I fear that far too often we have math instruction turned around backwards. We teach concepts and skills as an end unto themselves, when really these are tools to solve problems. They were human inventions created to understand the world around us and to be able to articulate that understanding to others. When math concepts are presented within the context of a problem, students are much more eager to engage in deep thinking. Furthermore, they will invent the math necessary to solve the problem if given the time and resources to do so.

A few weeks ago, as the Space Shuttle Endeavour was being prepared to move from the Vehicle Assembly Building (VAB) to Launch Pad 39A, I couldn't help but present an intriguing problem to my 5th grade math students: How fast does the crawler move as it transports the shuttle "stack" to the launch pad?

This particular math group is in a rational numbers unit. In this unit, rational numbers, in all their forms, are explored as different ways to notate the same ideas, whether using any non-zero denominator (fractions), denominators that are powers of ten (decimals), or denominators of one hundred (percents). They are comfortable with these concepts and understand that, operationally, if they can work with the number in one form, they have to be able to work with it in another form. When this particular problem was presented, they had not yet encountered divisors that were not whole numbers, though they had explored decimals in the quotient and have moved from expressing remainders as R# to R/div to a decimal expansion. They have also worked with non-terminating decimal expansions and know how to use a vinculum to express these ratios.

The problem was not presented as, ok, let's divide with decimals. Rather, it came in the midst of our following the final three flights of the NASA shuttle program. As Endeavour was moved from the VAB to launch pad, the question came from them.

Students: "How far is the launch pad?"

MW: "A few miles."

Students: "How fast does the crawler move?"

MW: "Not very fast."

Students: "Why?"

MW: "It's extremely heavy, and vibrations could tear things apart."

Students: "So HOW fast?"

MW: "Let's see if we can figure it out?"

We then set out to collect the data. From a couple of NASA Tweets, we found that Endeavour started its rollout at 7:56 p.m. and arrived at the launch pad at 3:49 a.m. We also found that it was 3.4 miles between the VAB and pad 39A. We talked about the fact that speed was in miles per hour, meters per second, kilometers per hour, feet per second, etc. In all cases a unit of distance over a unit of time. Aha! A ratio! They immediately recognized they needed to find how much time had elapsed. They also recognized that the time was not in a decimal form. Hmmm. The first subtraction was start time minus end time. Well that doesn't make sense... Ah, there's that pesky midnight in the middle of it all. They decided to use what we term "subtraction by adding up" to determine the elapsed time. 7:56 to 8:00, 8:00 to 12:00, 12:00 to 3:00, 3:00 to 3:49. 0:04 + 4:00 + 3:00 + 0:49. Now the task of turning a hr:min into a decimal. Equivalent fractions! Eureka! n/60 = x/1000.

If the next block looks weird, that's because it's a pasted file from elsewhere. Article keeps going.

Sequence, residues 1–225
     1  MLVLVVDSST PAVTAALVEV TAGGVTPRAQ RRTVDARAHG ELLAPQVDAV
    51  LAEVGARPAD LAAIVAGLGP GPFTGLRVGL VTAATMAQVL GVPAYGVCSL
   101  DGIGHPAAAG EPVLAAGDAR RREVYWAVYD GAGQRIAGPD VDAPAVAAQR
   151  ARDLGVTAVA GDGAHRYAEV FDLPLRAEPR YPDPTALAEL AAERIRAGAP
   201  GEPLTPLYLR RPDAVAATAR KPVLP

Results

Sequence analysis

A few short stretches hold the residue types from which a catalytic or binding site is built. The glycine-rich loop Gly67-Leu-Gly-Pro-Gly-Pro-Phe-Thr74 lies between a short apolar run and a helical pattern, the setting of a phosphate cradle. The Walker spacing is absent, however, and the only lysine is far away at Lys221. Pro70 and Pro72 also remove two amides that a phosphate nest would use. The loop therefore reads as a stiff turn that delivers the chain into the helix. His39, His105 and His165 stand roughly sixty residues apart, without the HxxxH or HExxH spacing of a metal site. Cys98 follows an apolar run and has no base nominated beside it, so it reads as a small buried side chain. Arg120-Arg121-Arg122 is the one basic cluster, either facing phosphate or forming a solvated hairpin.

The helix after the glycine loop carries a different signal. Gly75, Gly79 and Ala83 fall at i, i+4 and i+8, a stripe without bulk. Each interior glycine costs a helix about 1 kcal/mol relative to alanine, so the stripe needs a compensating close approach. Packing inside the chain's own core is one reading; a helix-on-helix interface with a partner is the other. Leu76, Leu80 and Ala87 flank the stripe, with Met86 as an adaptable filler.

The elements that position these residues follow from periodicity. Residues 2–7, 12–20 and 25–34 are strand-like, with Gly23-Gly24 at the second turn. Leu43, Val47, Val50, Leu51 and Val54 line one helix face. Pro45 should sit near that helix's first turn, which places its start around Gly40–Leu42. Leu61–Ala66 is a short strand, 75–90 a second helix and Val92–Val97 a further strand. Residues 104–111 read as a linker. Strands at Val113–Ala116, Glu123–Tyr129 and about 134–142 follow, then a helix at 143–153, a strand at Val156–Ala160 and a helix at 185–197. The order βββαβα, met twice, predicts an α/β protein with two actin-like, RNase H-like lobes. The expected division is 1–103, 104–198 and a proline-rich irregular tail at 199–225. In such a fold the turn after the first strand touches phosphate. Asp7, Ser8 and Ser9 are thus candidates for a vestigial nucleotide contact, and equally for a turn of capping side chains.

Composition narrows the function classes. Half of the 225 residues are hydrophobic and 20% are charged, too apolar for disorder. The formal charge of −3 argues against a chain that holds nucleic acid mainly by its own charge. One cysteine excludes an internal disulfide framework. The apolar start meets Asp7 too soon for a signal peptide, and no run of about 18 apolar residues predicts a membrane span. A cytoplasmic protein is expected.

Now we have the time as a decimal and the distance as a decimal. Set up the ratio 3.4/7.883. Ew! Decimal numerators and denominators. Equivalent fractions to rescue again! The students already know that the decimal moves when multiplied or divided by powers of ten. So by multiplying both numerator and denominator by 1000, they have two whole numbers in their ratio. Brilliant! They are also familiar with n/d = n ÷ d. With a couple of reminders of these basics, they quickly set up the problem and find that the crawler moves at a rate of approximately...

I'll leave it for you to finish up.

This was an exciting math period where my students identified the math that they needed to solve the problem. Some of which they had at their ready disposal, some of which needed to be discovered. At the end of it, they now had a model for how to work with these numbers that could be translated to a wide variety of situations. Because they now OWN the methods, they are able to hold onto the concepts and reconstruct the math as needed.

## Thursday, March 24, 2011

## Wednesday, March 16, 2011

### Fractions & Probability

This comes by way of @NCTM daily problem tweets. It is a great investigation for probability. By constructing outcome grids to determine the all the possible outcomes vs all the desirable outcomes for each of the situations, students can then compare fractions using benchmarks and concrete materials or drawings to determine which is more probable.

**When three 6-sided fair dice are rolled, which type of sum is more likely: a multiple of 3; one more than a multiple of 3; or two more than a multiple of 3?**
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